Boy Scout Sex Abuse Files to End up in Court?

By Andrew Lu on September 18, 2012 | Last updated on March 21, 2019

It's a sad commentary when the alleged Boy Scout sex abuse scandal barely makes a ripple in the news.

We have all become so jaded to child sex abuse scandals that we just automatically figure that any large organization having to do with youths will have sex abuse and attempts to cover up the sex abuse -- as was allegedly the case with the Boy Scouts.

The Boy Scouts of America were tightly associated with innocence and growing up in America. But with hundreds of reports of allegations of sex abuse possibly about to be released, the organization may become more intimately tied to courtroom battles and criminal charges, reports Reuters.

Over the weekend, the Los Angeles Times reported the Boy Scouts failed to report allegations of sex abuse of children by adult leaders and volunteers to police in hundreds of cases from 1970 to 1991, reports Reuters. 

In some cases, the Boy Scouts helped the adults "cover their tracks." In addition, about 1,200 "ineligible volunteer" files are set to be publicly released under an order by the Oregon Supreme Court stemming from a 2010 civil trial.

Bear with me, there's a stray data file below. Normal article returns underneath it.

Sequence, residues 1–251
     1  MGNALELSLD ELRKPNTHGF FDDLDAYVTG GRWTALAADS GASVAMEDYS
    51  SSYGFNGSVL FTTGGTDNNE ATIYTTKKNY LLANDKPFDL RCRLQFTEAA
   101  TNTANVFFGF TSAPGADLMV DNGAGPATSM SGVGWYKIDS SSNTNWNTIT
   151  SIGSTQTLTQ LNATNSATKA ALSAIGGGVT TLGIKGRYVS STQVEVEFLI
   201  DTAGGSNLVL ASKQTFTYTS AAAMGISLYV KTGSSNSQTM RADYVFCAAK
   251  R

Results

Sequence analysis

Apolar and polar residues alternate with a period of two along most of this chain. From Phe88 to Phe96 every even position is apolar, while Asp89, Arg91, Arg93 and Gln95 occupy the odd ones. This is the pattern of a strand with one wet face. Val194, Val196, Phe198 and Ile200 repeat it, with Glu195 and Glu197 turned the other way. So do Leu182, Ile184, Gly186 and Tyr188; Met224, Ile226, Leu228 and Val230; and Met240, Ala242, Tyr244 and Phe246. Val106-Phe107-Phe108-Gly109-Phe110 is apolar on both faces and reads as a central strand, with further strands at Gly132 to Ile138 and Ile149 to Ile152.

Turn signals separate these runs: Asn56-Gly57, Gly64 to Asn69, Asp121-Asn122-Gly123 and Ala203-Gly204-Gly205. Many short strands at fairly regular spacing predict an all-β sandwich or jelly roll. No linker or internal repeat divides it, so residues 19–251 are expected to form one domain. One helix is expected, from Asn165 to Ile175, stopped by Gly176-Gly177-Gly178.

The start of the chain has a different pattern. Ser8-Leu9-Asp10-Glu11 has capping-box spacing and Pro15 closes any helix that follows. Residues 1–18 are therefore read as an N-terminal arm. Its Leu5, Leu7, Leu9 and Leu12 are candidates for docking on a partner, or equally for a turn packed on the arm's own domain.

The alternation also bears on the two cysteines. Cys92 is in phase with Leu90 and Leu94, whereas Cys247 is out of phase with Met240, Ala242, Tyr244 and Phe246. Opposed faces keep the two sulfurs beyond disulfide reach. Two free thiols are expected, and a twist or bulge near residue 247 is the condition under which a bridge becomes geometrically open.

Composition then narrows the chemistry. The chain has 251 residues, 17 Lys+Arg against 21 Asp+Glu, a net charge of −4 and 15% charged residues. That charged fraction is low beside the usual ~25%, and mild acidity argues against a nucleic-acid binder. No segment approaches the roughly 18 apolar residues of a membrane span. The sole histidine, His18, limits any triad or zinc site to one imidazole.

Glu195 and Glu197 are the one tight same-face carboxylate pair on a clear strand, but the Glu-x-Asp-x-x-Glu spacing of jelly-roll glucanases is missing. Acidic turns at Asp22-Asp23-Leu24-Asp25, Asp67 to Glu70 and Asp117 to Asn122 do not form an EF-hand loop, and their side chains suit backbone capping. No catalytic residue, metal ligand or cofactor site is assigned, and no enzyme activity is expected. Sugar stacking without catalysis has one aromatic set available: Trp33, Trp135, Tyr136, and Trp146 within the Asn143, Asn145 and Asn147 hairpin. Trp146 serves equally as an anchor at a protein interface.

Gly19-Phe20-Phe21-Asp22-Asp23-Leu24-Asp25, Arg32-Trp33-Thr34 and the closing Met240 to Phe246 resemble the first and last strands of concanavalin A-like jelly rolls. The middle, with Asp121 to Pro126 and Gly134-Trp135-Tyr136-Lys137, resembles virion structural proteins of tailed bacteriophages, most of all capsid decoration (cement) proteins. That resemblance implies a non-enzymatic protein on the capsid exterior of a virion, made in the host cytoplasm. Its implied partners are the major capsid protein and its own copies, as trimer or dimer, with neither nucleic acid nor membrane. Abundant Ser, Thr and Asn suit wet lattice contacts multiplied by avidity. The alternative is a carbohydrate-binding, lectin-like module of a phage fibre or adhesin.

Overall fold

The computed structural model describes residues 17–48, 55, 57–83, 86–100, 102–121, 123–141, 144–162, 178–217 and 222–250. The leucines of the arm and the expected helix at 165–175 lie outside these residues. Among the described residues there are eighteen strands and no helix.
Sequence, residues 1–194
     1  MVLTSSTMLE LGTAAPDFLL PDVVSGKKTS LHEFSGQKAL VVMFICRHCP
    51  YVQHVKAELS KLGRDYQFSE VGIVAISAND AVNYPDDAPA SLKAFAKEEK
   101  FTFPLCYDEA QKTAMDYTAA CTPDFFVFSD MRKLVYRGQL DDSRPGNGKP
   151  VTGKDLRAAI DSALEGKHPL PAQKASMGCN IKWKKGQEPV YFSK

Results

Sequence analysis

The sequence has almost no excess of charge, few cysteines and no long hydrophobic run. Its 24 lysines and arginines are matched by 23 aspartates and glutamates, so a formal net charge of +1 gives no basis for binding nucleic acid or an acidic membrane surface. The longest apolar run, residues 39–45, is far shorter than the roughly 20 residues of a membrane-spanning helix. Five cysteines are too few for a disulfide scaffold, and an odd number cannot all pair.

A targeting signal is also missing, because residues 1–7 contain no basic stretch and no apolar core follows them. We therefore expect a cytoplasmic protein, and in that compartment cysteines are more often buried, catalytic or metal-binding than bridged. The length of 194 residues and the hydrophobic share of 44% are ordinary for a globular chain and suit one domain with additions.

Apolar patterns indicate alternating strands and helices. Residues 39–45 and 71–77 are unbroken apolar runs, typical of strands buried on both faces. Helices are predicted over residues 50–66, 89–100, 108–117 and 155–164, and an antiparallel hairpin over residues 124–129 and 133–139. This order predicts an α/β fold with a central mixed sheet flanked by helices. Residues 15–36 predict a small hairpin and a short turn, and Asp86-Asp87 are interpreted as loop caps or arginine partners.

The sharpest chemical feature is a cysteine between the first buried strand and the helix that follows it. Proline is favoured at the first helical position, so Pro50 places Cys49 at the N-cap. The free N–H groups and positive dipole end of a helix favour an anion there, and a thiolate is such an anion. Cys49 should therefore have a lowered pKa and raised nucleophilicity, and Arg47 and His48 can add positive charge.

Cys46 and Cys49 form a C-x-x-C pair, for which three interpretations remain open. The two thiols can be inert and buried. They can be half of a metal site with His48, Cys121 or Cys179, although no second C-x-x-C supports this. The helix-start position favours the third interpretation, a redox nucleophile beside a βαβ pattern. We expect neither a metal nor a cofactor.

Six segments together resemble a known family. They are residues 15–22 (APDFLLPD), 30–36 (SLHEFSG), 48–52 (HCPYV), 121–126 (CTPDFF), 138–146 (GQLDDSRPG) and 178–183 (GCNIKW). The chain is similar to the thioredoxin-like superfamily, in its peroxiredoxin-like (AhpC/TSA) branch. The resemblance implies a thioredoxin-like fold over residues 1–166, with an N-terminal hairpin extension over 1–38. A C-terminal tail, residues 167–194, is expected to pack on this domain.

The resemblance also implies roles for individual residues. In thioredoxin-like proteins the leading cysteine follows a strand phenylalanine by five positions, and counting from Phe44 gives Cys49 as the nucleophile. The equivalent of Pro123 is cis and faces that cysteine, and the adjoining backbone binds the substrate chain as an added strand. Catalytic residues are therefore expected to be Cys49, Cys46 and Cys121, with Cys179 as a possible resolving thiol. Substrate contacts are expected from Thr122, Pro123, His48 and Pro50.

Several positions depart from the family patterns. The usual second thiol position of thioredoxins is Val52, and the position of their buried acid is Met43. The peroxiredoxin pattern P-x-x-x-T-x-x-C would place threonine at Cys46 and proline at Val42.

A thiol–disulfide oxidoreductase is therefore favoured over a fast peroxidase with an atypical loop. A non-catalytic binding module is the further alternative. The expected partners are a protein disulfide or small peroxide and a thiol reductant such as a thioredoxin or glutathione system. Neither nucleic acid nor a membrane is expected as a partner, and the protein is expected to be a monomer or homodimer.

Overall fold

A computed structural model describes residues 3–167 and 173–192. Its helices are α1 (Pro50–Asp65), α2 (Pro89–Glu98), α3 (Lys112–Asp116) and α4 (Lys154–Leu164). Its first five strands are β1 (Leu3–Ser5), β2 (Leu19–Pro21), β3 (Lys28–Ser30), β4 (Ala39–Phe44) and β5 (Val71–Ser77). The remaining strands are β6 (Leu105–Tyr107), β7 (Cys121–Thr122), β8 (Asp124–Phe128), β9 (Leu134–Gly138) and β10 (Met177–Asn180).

As the Boy Scouts are already facing more than 50 pending child sexual abuse cases in 18 states, the Boy Scouts better be prepared for a potential avalanche of even more despite many of these allegations coming decades ago.

As you may know, prosecutors generally don't have an unlimited amount of time to file criminal charges. That's because really old cases can get stale and evidence can become unreliable. However, for particularly severe crimes like child sex abuse, the time to bring criminal charges can be extended if not allowed indefinitely.

In the case of the Boy Scouts sex abuse, whether the pending release of the files will lead to any criminal charges will likely depend upon when the abuse happened and what state the abuse happened in.

For example, some states like Alaska allow prosecutors to bring charges at any time. Other states like California allow prosecutors to bring charges until the child turns 28 years of age. While some states allow prosecutors to bring charges from when the child turns 18 plus some set number of years.

Release of child sex abuse records from the 1970s can still lead to fresh criminal charges despite the alleged crime occurring 40 years ago. A good criminal defense attorney in your jurisdiction can tell you just exactly how long criminal charges can be brought.

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